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Trivial encryption with coreutils

We all know /bin/tr and /bin/dd, two very powerful tools, both are part of Linux' coreutils. Combined together by a Unix pipe they become even more powerful, here is how.

Rot13 is a simple substitution cipher. It consists in shifting each character of the alphabet 13 places to the right. If a character goes beyond the original Z place, it is moved to the beginning of the alphabet and continues shifting from there. Effectively all characters are moved by 13 places, so that the alphabet starts now with N instead of A and ends with M instead of Z.

Substitution ciphers are considered weak, because they are prone to pattern matching and statistical attacks. It is good enough to hide the contents of the message from human eyes at the first glance. /bin/tr is a Linux core tool that can be used to translate the alphabet into it's rot13 equivalent.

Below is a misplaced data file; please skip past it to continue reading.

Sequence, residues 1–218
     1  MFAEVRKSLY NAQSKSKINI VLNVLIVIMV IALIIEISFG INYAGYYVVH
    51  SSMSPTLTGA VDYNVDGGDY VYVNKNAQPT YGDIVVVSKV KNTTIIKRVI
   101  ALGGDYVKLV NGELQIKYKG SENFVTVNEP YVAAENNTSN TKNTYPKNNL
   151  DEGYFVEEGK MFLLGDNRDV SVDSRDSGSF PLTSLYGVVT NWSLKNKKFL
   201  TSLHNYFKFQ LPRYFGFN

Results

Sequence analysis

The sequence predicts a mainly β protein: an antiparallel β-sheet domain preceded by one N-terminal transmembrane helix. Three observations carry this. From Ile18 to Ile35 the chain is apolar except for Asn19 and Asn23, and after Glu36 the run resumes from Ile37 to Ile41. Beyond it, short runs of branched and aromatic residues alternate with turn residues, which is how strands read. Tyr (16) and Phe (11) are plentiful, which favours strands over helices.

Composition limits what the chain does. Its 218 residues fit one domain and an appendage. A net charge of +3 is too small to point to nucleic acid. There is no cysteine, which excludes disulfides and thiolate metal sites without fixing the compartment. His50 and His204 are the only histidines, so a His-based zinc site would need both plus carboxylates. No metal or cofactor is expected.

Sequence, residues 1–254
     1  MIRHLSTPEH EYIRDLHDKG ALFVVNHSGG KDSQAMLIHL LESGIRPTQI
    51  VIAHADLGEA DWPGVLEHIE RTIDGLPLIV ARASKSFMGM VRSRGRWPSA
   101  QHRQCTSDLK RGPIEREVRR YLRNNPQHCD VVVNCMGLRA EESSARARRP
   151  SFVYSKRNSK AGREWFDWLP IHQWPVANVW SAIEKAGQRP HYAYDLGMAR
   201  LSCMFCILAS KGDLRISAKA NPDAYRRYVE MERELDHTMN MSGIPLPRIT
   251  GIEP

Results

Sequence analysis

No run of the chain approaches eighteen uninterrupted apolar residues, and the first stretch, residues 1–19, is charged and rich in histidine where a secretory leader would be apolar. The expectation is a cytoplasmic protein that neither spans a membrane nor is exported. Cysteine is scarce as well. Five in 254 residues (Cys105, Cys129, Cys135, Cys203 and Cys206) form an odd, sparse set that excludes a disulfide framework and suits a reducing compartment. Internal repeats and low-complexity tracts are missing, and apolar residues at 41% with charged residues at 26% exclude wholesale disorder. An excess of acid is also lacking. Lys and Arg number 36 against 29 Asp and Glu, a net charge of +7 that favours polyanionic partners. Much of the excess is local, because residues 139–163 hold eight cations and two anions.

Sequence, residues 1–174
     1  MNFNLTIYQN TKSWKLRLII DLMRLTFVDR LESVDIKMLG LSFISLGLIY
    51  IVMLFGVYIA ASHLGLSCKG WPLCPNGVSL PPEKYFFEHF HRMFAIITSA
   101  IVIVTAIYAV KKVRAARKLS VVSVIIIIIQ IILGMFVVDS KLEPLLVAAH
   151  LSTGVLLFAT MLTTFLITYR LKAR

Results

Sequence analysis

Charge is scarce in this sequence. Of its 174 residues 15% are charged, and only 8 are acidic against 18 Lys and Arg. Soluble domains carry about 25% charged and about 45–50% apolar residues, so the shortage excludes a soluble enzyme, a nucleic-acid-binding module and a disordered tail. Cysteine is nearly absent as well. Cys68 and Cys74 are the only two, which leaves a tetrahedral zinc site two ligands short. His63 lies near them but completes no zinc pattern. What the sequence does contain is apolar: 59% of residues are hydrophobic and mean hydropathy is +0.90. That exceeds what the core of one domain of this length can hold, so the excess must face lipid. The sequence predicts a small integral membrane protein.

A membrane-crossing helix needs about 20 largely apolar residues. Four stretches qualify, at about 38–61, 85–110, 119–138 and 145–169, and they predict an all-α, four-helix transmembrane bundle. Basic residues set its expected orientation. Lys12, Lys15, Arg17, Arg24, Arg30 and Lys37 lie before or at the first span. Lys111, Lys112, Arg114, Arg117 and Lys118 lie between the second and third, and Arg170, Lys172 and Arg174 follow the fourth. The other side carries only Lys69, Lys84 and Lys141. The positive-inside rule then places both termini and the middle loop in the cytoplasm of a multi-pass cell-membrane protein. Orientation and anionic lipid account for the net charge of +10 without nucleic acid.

$ tr A-Za-z N-ZA-Mn-za-m
hello world
uryyb jbeyq
This feature comes to us thanks to diversity of computer hardware. Little-endians address the 16-bit values in memory differently from from Big-endians, what sometimes causes incompatibility issues. Here /bin/dd comes comes to rescure with it's conversion flag:
$ dd conv=swab bs=1
hello world
ehll oowlr
d^C12+0 records in
12+0 records out
12 bytes (12 B) copied, 13.3088 s, 0.0 kB/s
Byte swapping is not an encryption method in itself, because swapped bytes in a word are still readable. An interesting thing about the swap, however, is the fact that if a human readable sentence delimited by spaces is byte-swapped the words, while still somehow readable, change the length.

The fact that the two converisions named above are absolutely independent from each other allows us to combine them together. A message encrypted this way is a little less likely to be decoded with a statistical or pattern matching algorithm.
$ cat secret|tr A-Za-z N-ZA-Mn-za-m|dd conv=swab
uG rrfepgrz frnfrts ybbyfj
!0+1 records in
0+1 records out
28 bytes (28 B) copied, 0.00179017 s, 15.6 kB/s

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